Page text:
With a title like that it’s most likely you’re on to the next article or website… Managing human resources is not the most glamourous part of running a business, but it is critical to the success of your business if you need extra hands to help you out. Here are some of the areas that small business people often fall short on:
- Hiring the right person for the need
- Evaluating an employee’s performance
- Motivating employees properly
- Delegating without giving away the store
- Training employees for growth
I can tell you that there are whole books (i.e. textbooks) written about human resources, and probably whole books written on the above areas of human resources. And perhaps you just want to hire an employee to help you with a particular area of your business that you just don’t have time to deal with. So reading a book about hiring the employee is probably out. However, screwing up the hiring process can cost you big time, so let’s take a quick look.
What do you need the employee to do? Make a list of tasks you expect the employee to handle. What do you expect his day to look like? What functions do you want to offload to her? What long term objectives do you want them to achieve? Write it all down.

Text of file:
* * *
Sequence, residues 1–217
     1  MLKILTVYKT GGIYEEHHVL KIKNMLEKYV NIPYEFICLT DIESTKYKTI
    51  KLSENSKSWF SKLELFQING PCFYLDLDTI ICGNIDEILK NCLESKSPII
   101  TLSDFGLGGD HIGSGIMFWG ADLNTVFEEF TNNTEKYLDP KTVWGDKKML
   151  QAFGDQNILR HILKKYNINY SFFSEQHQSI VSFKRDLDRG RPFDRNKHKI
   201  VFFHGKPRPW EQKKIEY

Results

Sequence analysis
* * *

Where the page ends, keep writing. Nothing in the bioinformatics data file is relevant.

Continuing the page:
What qualities will the employee have? Do they need to be college educated? Do they need to work well with others or just work well with you? Can you train them on the job, do they need to be trainable? Make a list of attributes you expect your new employee to have.
What must you pay them? Yes, your new employees expect to be paid. How much can you afford to pay, taking into account double taxation, benefits, and base pay? How much is this position being paid in the marketplace (a little research)? Do you offer something unique to the employee that they might be willing to work for less?
How do you reach them? Are you going to use a recruiter or a newspaper ad? Some methods of recruiting are going to work better for some employees and some for others.
Work with your friends? Think long and hard before you put your friendship on the line by having your friend work for you. Friends are no longer friends once they are on your payroll, so it might be better to work with a non-friend. Relatives are even worse… but some people find working for/with friends or relatives works out ok, just consider the potential downfalls.
Prepare for the inteview. Before you interview your candidates, and there should be several, be prepared with written questions to ask your candidate. Keep notes of answers and grade them on fit to the position once the interview is over.
Making the offer. An offer of employment is a written letter to the candidate specifying all of the details of the offer. How much is the salary, what is the starting date, what are the conditions of employment, etc. You should consider your offer letter to be an initial contract with the employee… and what you leave out is just as important as what is included.
Good luck hiring your first employee! Keep yourself organized and things will work out much better.